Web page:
Nov. 13, 1985 Dear Mr. President:
On June 10, 1985, when you announced that the U.S. would go "the extra mile" to give the U.S.S.R. time to correct its treaty violations, you asked us, in National Security Decision Directive 173, to give you an analysis of Soviet violations of arms control and other treaties. You also asked me to recommend incentives we might provide to the Soviets to correct their violations and, should such corrective action not be forthcoming, to effect appropriate and proportionate responses to those violations.
I am attaching Part One of this report you requested, together with an executive summary covering its main points. The report's principal conclusion is that Soviet violations are continuing and require an appropriate and proportionate response on our part. The Joint Chiefs generally feel that your Strategic Modernization Program, as announced by you in October 1981, and the conventional and readiness improvements requested in your budgets would constitute the "appropriate and proportionate response" if fully funded by the Congress. I tend to agree with this opinion but, of course, Congress has made many cuts in your requests.
The Soviet violations put us in a particularly vulnerable and dangerous position when these violations are compared with the sharp reductions in our requests for Strategic Defense Initiative funding. We all feel that it is essential to move as rapidly and effectively as possible on SDI because Soviet violations do give them an advantage which makes it very difficult for us to maintain a deterrence balance with them.
Of course, their violations also constitute a powerful argument for getting the deepest possible cuts in nuclear arms by agreement, if we can secure agreements that bring us to parity at these lower levels and are thoroughly verifiable. Also, as we approach budget time for next year we may want to consider a supplemental for this year or more than 3 percent growth next year to compensate in specific ways for these violations. We will present to you on your return from Geneva a range of options for appropriate responses. I will be glad to take up with you the responses we can make within various classified programs.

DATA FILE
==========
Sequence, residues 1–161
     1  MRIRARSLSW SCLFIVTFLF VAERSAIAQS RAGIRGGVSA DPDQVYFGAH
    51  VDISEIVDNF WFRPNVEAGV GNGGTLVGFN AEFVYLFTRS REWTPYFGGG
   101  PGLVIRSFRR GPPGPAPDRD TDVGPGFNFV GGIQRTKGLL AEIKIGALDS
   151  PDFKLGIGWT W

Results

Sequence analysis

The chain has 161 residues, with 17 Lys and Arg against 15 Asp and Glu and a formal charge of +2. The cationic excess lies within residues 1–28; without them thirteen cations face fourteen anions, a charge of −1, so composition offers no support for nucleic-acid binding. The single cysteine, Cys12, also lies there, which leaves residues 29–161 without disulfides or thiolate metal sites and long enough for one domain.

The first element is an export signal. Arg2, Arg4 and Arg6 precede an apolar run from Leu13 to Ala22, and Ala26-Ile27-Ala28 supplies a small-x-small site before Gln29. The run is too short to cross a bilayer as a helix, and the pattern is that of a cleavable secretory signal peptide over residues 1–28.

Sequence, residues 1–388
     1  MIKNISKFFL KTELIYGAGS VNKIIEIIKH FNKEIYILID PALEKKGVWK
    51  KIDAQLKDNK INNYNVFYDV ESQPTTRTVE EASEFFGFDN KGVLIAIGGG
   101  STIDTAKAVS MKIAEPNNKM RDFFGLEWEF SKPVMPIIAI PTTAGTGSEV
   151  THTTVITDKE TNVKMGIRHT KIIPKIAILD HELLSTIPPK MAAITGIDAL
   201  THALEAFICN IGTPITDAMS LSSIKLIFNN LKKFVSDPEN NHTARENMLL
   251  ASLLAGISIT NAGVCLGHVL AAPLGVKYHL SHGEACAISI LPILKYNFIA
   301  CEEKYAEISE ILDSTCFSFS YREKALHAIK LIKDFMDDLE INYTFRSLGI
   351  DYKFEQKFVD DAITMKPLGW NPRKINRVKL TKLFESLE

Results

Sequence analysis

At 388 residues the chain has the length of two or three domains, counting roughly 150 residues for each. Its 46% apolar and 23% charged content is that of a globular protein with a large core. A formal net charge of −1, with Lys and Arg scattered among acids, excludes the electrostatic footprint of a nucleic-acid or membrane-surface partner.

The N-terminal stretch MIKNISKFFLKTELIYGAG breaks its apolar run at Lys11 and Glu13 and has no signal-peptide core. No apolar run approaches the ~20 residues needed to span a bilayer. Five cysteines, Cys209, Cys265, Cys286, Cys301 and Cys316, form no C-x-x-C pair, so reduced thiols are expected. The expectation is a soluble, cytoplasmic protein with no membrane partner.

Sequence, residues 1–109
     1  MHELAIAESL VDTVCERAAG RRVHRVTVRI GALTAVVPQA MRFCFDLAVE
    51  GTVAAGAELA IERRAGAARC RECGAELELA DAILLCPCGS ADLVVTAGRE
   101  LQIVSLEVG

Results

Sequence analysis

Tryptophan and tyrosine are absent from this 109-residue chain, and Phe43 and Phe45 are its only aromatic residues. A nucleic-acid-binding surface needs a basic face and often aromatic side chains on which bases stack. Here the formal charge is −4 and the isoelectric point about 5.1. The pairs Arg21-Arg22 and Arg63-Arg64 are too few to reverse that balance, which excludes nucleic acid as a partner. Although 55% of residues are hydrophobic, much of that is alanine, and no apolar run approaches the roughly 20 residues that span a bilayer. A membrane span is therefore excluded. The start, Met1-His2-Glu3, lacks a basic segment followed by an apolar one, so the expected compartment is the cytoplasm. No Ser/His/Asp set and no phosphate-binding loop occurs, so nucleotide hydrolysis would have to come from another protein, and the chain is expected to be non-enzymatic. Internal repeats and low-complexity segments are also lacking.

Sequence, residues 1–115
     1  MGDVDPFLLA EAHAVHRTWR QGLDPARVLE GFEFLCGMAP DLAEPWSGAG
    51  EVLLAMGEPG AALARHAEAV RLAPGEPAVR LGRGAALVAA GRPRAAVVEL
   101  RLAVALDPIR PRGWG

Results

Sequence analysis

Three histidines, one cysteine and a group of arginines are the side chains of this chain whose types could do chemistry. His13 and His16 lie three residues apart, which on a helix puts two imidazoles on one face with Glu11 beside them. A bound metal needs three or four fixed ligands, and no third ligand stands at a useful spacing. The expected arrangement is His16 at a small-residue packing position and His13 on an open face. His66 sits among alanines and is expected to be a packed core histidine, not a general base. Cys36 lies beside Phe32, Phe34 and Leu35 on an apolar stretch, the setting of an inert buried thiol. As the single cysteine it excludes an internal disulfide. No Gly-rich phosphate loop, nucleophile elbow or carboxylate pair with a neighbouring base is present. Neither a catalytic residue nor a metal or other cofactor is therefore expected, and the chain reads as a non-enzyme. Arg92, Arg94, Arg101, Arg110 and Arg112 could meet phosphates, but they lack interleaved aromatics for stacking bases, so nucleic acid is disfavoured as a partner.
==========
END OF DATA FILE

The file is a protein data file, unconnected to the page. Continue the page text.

If I may be permitted, I would like to mention a few other points here:
In Geneva, you will almost certainly come under great pressure to do three things that would limit severely your options for responding to Soviet violations:
*One is to agree to continue to observe SALT II.
*The second is to agree formally to limit SDI research, development, and testing to only that research allowed under the most restrictive interpretation of the ABM treaty, even though you have determined that a less restrictive interpretation is justified legally. The Soviets doubtless will seek assurances that you will continue to be bound to such tight limits on SDI development and testing that would discourage the Congress from making any but token appropriations.
*Third, the Soviets may propose communique or other language that obscures their record of arms control violations by referring to the "importance that both sides attach to compliance."
Any or all of these Soviet proposals, if agreed to, would sharply restrict the range of responses to past and current Soviet violations available to us. A pledge to continue to adhere to SALT II, even though the Soviets are violating it, could make it difficult, if not impossible, to do other things we should do to make up for their violations. We can, of course, continue to observe parts of SALT II, at your option, but a pledge to continue observing it all, could put rigid constraints on your ability to respond to Soviet violations.
Also, such a pledge would require us to dismantle far larger numbers of modern weapons than the Soviets over the near-term. (See pages 1-4 of the attached Annex A. This annex indicates the dramatic disparity between our respective dismantling requirements. Essentially, the U.S. would have to dismantle between 1,320 and 2,240 MIRVed multiple independently targetable reentry vehicles ballistic missile warheads by 1991, whereas the Soviets would have to dismantle only about 558 ballistic missiles, of which just 112 would be MIRV systems. Because Soviet modernization processes can go on, the net effect would be thousands of additional U.S.S.R. warheads by the early 1990s.)
Any agreement to limit the SDI program according to a narrow (and, I believe, wrong) interpretation of the ABM treaty -- a treaty which the Soviets are violating under any interpretation -- would diminish significantly the prospects that we will succeed in bringing our search for a strategic defense to fruition.
Communique or other language that enables the Soviets to appear equally committed to full compliance -- even as they continue to enlarge their pattern of violations -- will make the difficult task of responding to those violations even more problematic.
Geneva offers the opportunity to underline the importance we attach to strict compliance with arms control agreements previously made. And it will help to build the foundation on which any proportionate response must be based.
My report to you emphasizes that our failure over the years to respond promptly to Soviet violations can only encourage them to commit more -- and more significant -- violations. It is significant that you are the first president to report to Congress violations by the U.S.S.R. that have continued for 20 years. The verification the Soviets have agreed to in the past is no substitute for actual compliance. This simply emphasizes that determined action to avoid a double standard, in which we comply and the Soviets do not, is as necessary as it is difficult.